4.
Occupational and Environmental Medicine ; 80(Suppl 1):A1-A2, 2023.
Article in English | ProQuest Central | ID: covidwho-2267239

ABSTRACT

This presentation will explore the essential role of occupational epidemiology in global health. Our field provides critical perspectives – relevant not only for the identification of health hazards at work but in global health more broadly – on the identification of risk factors for disease in populations, the weighing of evidence for causality, and the design and implementation of public health interventions. This presentation is informed by analyses of recent health crises including the COVID-19 pandemic, the epidemic of ‘deaths of despair' in the U.S. and the increasing toll of heat illnesses on a warming planet.In addition to study design and data analytic methods, occupational epidemiologists are trained to understand the physical and social environments in which work is conducted as well as the biological processes that link exposure to disease, and how all this impact population health. This multi-disciplinary training enables occupational epidemiologists to identify hazards and interventions that may be overlooked by other disciplines. Occupational epidemiologists learn that economic and political forces have powerful effects on the work environment, and this shapes their perspective on how evidence is weighed in public health decision-making. Rather than using rigid evidence to decision frameworks inspired by randomized controlled trials, evaluating evidence for action uses triangulation among diverse types and qualities of evidence to guide prevention. In occupational epidemiology, the precautionary principle can be understood as one aspect of the fundamental perspective that there is no pre-defined level of certainty that is needed before taking preventive action;instead, there are different amounts and qualities of evidence that are sufficient for each specific proposed intervention.A continuing supply of occupational epidemiologists is needed to respond to future global health challenges. Professional training programs are needed to ensure this workforce;training which includes epidemiology and biostatistics, physiology, occupational hygiene, engineering and the social and economic aspects of work and health. Occupational epidemiology should be core training in global health programs.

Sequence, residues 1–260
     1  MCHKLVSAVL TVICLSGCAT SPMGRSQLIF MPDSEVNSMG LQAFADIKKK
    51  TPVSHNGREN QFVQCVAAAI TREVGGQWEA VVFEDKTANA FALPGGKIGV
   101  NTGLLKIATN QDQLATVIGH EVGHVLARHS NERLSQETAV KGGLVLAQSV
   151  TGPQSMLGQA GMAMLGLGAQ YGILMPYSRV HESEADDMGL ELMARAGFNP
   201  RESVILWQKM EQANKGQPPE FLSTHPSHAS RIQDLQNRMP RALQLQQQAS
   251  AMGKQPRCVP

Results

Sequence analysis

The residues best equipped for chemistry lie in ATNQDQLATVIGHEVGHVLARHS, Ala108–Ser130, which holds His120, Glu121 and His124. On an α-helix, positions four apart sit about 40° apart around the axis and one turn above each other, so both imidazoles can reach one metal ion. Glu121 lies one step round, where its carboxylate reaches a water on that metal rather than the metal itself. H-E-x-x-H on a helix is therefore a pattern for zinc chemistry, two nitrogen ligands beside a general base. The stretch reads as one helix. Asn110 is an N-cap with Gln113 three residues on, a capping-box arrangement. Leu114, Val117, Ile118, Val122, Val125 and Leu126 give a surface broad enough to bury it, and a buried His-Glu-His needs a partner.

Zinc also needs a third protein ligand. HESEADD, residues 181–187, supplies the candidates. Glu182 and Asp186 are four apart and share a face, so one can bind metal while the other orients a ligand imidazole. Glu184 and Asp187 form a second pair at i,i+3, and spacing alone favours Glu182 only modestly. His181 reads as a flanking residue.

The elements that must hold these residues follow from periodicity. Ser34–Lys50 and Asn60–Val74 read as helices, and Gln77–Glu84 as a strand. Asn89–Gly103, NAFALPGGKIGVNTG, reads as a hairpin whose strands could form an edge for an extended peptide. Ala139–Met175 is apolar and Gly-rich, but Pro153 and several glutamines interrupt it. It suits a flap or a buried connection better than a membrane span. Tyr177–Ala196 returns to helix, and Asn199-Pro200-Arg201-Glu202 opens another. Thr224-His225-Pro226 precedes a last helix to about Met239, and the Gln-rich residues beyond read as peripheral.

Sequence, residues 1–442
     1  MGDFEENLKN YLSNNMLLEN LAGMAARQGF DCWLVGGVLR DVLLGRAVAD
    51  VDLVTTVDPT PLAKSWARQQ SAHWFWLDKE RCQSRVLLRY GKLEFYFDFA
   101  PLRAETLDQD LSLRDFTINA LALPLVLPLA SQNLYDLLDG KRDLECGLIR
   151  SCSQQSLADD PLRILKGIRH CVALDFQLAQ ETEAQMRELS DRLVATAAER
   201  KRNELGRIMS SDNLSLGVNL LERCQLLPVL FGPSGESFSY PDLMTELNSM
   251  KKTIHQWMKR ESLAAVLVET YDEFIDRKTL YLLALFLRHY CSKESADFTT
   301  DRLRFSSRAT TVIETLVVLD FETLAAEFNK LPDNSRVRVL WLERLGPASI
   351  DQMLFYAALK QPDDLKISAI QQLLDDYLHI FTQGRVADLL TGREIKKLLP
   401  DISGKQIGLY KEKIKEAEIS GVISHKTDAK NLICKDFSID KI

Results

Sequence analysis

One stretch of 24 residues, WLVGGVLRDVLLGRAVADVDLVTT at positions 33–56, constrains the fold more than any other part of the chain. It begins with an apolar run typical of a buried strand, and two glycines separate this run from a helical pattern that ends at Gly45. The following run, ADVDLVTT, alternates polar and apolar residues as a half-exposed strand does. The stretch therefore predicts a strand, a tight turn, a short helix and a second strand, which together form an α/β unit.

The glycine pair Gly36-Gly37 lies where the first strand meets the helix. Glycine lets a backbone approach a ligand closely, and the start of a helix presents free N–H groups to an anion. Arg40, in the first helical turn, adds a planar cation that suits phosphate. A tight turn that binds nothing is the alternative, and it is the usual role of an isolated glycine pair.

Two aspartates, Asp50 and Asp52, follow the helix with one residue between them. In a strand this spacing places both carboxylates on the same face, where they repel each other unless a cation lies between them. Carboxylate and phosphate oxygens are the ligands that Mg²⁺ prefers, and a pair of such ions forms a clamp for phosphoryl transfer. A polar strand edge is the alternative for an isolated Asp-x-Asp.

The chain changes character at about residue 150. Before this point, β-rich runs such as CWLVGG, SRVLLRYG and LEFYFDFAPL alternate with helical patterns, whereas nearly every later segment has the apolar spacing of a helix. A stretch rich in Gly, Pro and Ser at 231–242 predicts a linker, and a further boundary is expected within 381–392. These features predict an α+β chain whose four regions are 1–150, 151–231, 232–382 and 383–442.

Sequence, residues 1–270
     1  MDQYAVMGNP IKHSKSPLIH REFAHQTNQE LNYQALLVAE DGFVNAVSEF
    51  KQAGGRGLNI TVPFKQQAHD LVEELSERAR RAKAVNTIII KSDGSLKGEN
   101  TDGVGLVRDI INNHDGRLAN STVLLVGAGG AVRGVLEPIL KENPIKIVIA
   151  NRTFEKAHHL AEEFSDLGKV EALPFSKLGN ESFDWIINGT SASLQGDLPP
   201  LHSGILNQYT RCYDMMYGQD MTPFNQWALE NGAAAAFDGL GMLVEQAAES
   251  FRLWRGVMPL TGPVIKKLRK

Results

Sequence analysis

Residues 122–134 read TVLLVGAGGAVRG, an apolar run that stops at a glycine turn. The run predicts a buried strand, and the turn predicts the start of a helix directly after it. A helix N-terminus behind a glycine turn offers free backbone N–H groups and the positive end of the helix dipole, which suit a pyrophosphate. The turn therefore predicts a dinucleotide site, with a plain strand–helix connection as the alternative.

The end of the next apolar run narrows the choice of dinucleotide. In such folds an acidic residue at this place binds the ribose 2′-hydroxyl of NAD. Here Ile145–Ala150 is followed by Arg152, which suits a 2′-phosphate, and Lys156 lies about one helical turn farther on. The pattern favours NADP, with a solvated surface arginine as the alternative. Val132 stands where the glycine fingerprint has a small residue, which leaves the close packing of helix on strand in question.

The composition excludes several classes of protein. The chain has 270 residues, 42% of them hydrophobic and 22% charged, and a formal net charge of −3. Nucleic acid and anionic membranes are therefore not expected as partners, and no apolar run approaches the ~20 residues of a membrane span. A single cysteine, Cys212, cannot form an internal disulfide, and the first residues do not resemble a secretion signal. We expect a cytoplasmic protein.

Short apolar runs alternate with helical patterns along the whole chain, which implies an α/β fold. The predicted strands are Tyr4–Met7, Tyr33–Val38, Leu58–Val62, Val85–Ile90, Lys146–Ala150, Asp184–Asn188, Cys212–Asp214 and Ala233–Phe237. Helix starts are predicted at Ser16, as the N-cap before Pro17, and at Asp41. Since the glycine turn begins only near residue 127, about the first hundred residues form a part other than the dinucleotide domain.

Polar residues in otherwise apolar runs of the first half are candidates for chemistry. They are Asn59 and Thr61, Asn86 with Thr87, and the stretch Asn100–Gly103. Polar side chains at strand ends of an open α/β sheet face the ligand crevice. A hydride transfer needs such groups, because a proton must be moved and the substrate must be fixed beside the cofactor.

5.
Revista Española de Investigaciones Sociologicas ; - (181):154-157, 2023.
Article in Spanish | Academic Search Complete | ID: covidwho-2169031

ABSTRACT

The article presents the discussion on entire planet having an impact on individual lives and experiences. Topics include fear, disbelief, and resignation prevailed during the months of harsh confinement;and ignorance of the virus and the absence of a remedy beyond applied in the Middle Ages with the plague.

6.
Physics Teacher ; 60(2):150-151, 2022.
Article in English | Academic Search Complete | ID: covidwho-1673331

ABSTRACT

Thanks to the COVID-19 pandemic, virtually all in-person instruction was shut down across the country in 2020 and beyond. This posed special problems for laboratory-based science courses, as those are defined by the conducting of experiments in person and often with specialized equipment unavailable outside of the classroom. Here I discuss a semester-long project for introductory astronomy that can be performed at home with very basic and inexpensive equipment. And, thanks to the vagaries of the orbits of the planets, variations of this activity can be carried out in many future semesters. [ FROM AUTHOR] Copyright of Physics Teacher is the property of American Institute of Physics and its content may not be copied or emailed to multiple sites or posted to a listserv without the copyright holder's express written permission. However, users may print, download, or email articles for individual use. This may be abridged. No warranty is given about the accuracy of the copy. Users should refer to the original published version of the material for the full . (Copyright applies to all s.)